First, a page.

Before Mother's Day, a Car Accident Brought My Mom and Me Closer

Just imagine the sheer horror in my face, and my mom's as well, when we finally saw each other. With both hands on the steering wheel, my mom leaned out of the window and squinted, "Angel, is that you?"
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You never expect to run into your mother in certain places: a nightclub, a concert, or at one of those juice-detox bars that are springing up everywhere in Los Angeles. But how about in the middle of an intersection on Crescent Drive in Beverly Hills? I mean, I really ran into her....or I better say I crashed into her! Yes, with my car, in the middle of a posh residential area in the flats of Beverly Hills. Luckily she was in her car as well or I could have done serious damage.

It all happened so fast. One minute I was driving home from an appointment. The next minute two boys on their bicycles by the street corner caught my eye, and the next minute I found myself swerving my car to avoid hitting a silver Lexus that had suddenly appeared in my path. Well, you already know that I did not succeed.

The first thing that popped in my head was I hope the lady in the car is okay. "The lady" drove her car to the side of the curb and I followed. I could only see the back of her head, and from the greying hair I could tell she was an elderly woman. Needless to say, I felt even more terrible. I immediately got out of my car to apologize. I knew I had been careless and had not paid attention.

Just imagine the sheer horror in my face, and my mom's as well, when we finally saw each other. With both hands on the steering wheel, my mom leaned out of the window and squinted, "Angel, is that you?" I didn't know what to do first: pick my jaw off the floor, drive and run to my room and close the door out of sheer embarrassment, or pretend that I was not me. The afternoon sun was glaring into her face. I could tell that she was clearly shaken up. And did I tell you, I felt horrible?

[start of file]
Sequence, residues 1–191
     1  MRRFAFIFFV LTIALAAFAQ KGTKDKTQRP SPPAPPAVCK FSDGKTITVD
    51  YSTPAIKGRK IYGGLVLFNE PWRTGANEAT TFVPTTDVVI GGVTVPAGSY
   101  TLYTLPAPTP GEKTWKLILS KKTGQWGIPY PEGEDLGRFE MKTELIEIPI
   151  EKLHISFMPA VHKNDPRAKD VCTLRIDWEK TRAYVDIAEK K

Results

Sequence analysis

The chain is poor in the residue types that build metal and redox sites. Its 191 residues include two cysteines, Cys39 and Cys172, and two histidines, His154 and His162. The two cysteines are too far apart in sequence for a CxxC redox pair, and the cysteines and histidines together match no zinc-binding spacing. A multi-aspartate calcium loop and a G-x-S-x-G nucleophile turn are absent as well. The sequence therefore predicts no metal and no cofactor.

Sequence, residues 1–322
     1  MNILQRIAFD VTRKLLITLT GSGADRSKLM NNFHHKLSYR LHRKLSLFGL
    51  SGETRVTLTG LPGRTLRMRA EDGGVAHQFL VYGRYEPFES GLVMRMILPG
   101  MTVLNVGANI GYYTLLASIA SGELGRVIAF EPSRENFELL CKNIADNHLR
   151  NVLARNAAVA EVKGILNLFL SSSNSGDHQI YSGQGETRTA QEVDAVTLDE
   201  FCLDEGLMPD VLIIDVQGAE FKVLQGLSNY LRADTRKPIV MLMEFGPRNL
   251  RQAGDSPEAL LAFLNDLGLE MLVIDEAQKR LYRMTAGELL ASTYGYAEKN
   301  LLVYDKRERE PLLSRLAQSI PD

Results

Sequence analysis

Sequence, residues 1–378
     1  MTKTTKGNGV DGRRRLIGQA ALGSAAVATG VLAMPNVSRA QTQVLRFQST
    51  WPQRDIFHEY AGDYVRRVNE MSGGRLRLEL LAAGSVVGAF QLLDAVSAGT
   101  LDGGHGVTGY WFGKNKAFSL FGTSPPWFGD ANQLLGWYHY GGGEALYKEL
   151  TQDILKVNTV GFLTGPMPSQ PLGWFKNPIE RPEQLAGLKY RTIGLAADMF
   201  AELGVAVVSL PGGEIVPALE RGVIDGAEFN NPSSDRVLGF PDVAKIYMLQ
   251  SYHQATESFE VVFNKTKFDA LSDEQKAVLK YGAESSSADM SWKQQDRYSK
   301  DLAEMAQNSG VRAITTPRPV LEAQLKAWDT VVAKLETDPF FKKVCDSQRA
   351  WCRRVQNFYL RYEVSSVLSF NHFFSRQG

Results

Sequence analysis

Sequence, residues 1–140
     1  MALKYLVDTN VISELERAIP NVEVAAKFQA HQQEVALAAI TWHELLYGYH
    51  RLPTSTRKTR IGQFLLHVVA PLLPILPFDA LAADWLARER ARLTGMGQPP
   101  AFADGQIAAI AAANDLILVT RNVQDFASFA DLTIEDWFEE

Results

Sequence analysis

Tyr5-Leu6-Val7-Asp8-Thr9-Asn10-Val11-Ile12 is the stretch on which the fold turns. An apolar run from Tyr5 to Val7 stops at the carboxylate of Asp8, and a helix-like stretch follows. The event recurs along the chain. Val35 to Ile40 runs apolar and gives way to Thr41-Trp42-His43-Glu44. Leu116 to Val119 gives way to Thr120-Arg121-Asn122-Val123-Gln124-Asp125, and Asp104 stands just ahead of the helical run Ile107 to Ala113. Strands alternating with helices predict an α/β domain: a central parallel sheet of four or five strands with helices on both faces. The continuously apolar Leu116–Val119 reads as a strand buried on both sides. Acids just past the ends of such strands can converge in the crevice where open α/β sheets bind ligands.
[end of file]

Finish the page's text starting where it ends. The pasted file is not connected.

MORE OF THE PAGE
Nothing had really happened to my car, but her Lexus was badly dented. I made my way towards her, my eyes downcast, "Yes it is me, Mom." The words barely come out of my mouth. As I was reaching for my mother's hand, a witness came by and asked my mom if she needed her testimony.

I ignored the question and asked, "Mom, are you okay?" My mom straightened herself up right away, patted her hair down, paused and looked down at her hands that lay once again on the steering wheel and quickly looked up at me. The mother that she is, her first instinct was to want to protect me, exonerate me of my guilt. "Yes, yes. I am okay. Are you?"

The witness interrupted us again, "Ma'am, do you need any help?" she asked. I turned to her and explained that I was her daughter.

She shook her head in disbelief, "I've never heard of anything like this!"

"I know," I sighed and turned to my mom. I got lucky; my mom wasn't hurt. We both drove off, and of course, this accident became the butt of our family's joke for the next week. I managed to get her car fixed within a week. As much as I nervously laughed and joined in on the joke with everyone, I wanted to quickly erase any evidence of what I had done.

A few weeks passed, and I was sitting next to my oldest brother at a restaurant. He was telling my husband and me how he is enjoying taking up the santur (a Persian musical instrument). His wife interjected and said, "He loves to practice, and what is so funny is that when the teacher comes the following week, he can't believe his remarkable progress."